For companies involved in an active dispute, filing a declaratory judgment often offers a way to take control of the situation. This strategy comes with significant advantages that not only help pave the way for successful litigation, but also have significant impacts for how an appellate attorney can ultimately prevail when an appeal follows. This blog post examines a case recently announced by the U.S. Court of Appeals for the Eighth Circuit in which a declaratory judgment was effectively used by an insurance company resulting in success both at the district court and on appeal.
Advantages of Filing a Declaratory Judgment. A declaratory judgment provides a strategic means of resolving uncertainty, such as when claims are imminent. By initiating the lawsuit, the filer gets to establish the claims, define the key parties and legal issues, tell its side of the story first, and proactively address or neutralize any bad facts in the case. Another significant advantage is establishing the forum in which the lawsuit is initiated. This is especially true when a dispute could be filed in several possible forums, but one would present a home court advantage. Alternatively, by sitting back and waiting to get sued, a party understandably finds itself in more of a defensive posture and loses some of this control.
Implications for Summary Judgment and Appeal. By selecting the forum and defining the contours of the dispute, skilled litigators are often seeking to set up a dispositive motion that not only succeeds, but that withstands an appeal. This point is illustrated in the Eighth Circuit’s recent case. There, an insurance company filed a declaratory judgment against its insured seeking a judicial determination that it was not responsible for paying out on a claim under a business interruption insurance policy. The insurance company filed suit, and set the table for a successful motion for summary judgement. That motion was granted because the insurance company demonstrated an objectively reasonable basis for denying the full claim and limiting payment. That was all the district court needed. In filing the declaratory judgment, the lawyers had strategically focused the court on “whether evidence existed to justify [the insurer’s] denial of the claim” because a court is “not tasked with weigh[ing] the conflicting evidence that was before the insurer.” On appeal, the insured business had arguments about inaccuracies in handling the claim and showed that the investigation could have been handled differently. But the Eighth Circuit held that “an imperfect investigation, standing alone, is not sufficient cause for recovery if the insurer in fact has an objectively reasonable basis for denying the claim.” By making sure that the record at the district court was framed around the insurance company’s objectively reasonable basis, and by being clear about the law that would ultimately matter on appeal, the insurance company’s lawyer litigated the entire case around this successful legal theory. From the filing of the declaratory judgment all the way up through appeal, the table was set for this success.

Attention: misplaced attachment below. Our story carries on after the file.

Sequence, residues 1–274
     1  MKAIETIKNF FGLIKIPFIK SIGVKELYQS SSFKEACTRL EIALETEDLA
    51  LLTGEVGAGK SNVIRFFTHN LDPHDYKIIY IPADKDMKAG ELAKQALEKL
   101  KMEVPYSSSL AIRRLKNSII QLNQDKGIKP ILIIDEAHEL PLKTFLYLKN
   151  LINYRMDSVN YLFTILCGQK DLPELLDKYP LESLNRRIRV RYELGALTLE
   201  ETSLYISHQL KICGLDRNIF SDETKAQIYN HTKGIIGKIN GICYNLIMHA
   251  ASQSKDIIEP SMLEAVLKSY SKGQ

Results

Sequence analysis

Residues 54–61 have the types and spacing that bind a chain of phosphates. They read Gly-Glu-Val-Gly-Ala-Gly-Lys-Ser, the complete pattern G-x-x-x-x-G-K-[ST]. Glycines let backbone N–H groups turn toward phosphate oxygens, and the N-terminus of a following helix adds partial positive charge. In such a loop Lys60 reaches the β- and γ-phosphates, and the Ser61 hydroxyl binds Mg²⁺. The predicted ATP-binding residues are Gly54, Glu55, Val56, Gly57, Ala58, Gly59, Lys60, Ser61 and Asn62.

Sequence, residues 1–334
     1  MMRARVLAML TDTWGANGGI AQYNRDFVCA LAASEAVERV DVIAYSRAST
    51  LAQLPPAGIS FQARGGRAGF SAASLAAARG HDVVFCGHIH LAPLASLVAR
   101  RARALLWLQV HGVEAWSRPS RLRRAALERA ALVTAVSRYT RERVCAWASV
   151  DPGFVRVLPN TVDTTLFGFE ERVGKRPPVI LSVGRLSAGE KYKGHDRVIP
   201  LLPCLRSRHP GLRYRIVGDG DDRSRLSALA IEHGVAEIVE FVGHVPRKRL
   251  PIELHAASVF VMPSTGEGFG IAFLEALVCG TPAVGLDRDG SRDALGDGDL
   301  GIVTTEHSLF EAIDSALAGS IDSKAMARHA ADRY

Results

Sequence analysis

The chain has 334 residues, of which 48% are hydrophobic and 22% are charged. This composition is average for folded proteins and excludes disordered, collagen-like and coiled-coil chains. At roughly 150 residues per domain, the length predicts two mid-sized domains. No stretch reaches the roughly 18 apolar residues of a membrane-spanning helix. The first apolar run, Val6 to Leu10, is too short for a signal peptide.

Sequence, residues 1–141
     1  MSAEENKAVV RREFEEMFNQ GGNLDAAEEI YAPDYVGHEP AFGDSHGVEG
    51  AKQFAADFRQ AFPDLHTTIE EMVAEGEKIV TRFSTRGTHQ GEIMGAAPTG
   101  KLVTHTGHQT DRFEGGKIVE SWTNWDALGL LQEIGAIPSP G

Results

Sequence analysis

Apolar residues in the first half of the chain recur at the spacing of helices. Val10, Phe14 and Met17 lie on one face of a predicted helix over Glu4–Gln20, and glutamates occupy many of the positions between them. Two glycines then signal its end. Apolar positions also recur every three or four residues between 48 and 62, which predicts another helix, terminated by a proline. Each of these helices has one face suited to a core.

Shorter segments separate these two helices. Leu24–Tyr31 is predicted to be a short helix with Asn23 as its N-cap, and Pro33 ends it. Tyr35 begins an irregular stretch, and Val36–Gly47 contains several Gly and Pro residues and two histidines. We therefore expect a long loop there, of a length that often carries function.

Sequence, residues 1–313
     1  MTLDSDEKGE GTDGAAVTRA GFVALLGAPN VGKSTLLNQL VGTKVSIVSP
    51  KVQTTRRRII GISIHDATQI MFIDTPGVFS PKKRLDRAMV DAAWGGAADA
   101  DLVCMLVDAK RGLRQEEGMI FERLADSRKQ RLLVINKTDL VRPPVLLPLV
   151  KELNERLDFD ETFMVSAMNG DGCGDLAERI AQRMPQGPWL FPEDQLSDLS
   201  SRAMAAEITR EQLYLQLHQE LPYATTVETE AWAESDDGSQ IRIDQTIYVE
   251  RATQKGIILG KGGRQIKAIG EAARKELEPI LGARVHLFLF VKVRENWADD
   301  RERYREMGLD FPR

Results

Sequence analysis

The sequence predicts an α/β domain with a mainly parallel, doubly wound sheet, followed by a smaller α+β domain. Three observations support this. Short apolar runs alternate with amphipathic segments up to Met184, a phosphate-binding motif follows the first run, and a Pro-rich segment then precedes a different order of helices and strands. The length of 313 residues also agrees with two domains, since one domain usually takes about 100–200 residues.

Declaratory Judgments on the Rise. This case involved a declaratory judgment over an insurance company’s denial of benefits under a business interruption insurance policy. In the wake of the global pandemic, these types of lawsuits are on the rise, and will be for years to come. From September 11, 2001, to Hurricane Katrina, and other mass emergencies, we know that these catastrophes touch off waves of disputes between insurance companies and insureds over business interruption insurance claims. Due to the sheer number of claims at issue, insurance companies are understandably cautious of establishing unfavorable precedent, and therefore consider strategic deployment of the declaratory judgment with ever increasing frequency. Given the powerful effect of declaratory judgments, such increased reliance is well placed.
Case reference: Hallmark Specialty Insurance Company v. Phoenix C&D Recycling, Inc., Case no. 20-1339 (8th Cir. June 1, 2021).